Tuesday, September 28, 2010
Peripheral pulmonary "coin lesion" in a 45-year-old woman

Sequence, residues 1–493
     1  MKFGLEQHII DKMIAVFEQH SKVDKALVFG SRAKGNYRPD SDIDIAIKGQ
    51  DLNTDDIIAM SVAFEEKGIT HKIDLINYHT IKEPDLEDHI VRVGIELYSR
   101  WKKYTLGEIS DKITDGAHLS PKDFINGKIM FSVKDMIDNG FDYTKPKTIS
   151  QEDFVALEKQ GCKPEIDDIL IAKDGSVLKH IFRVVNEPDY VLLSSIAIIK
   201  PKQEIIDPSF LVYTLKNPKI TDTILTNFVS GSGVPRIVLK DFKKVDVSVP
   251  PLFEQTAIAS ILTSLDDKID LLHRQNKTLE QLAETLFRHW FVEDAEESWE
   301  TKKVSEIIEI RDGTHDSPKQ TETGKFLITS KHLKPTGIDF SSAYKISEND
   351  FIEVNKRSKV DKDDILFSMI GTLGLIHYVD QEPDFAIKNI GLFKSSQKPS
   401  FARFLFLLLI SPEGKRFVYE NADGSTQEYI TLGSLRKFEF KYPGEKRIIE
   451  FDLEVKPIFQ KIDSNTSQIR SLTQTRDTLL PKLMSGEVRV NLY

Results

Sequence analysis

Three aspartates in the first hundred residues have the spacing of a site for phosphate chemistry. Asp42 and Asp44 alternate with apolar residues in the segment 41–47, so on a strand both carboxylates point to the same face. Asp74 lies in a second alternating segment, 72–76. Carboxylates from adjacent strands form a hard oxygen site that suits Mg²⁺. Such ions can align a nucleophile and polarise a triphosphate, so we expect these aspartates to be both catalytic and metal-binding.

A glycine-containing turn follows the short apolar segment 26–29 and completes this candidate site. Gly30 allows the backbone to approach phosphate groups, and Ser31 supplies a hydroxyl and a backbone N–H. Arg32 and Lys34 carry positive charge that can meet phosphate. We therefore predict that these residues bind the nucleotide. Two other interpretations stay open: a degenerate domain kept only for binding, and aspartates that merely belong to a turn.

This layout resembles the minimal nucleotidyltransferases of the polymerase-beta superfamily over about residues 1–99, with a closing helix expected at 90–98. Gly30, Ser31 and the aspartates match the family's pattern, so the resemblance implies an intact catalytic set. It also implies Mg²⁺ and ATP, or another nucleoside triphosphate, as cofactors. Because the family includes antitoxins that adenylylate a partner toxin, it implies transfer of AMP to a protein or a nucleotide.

This was my evening frozen section on Monday night. A middle-aged woman had a 2 cm. sharply demarcated peripheral pulmonary nodule that was mildly PET positive. She had a long-term smoking history. The gross specimen showed a sharply circumscribed yellow-gold nodule just beneath the pleural surface. The microscopic appearance was somewhat variable and included distinctly papillary areas with the papillae lined by bland cuboidal cells, as well as somewhat more solid areas as shown here with small sclerotic nodules surrounded by bland epithelioid cells with uniform vesicular nuclei. This is an example of so-called sclerosing hemangioma. This entity, like many in pulmonary pathology was first described by Averill Leibow in the 1970's. The name derived from the fact that the epithelioid cells were though by Leibow to be endothelial. Subsequently, they were shown to be epithelial and considered to be derived from mesothelium. More recent and more reliable studies support that the epithelioid cells resemble type II pneumocytes and the alternate name of pneumocytoma has been suggested for this entity, but has yet to be widely accepted. The epithelial cells will label for cytokeratin and EMA, and show strong nuclear staining for TTF-1. They also show frequent intranuclear pseudoinclusions typical of type II pneumocytes. It is important to distinguish this lesion from a bronchioloalveolar adenocarcinoma as it is virtually always a benign process. The sharp demarcation, peripheral location, yellow-gold color, and occurrence in a middle-aged woman are typical features and were very helpful for suggesting the correct diagnosis at the time of frozen section.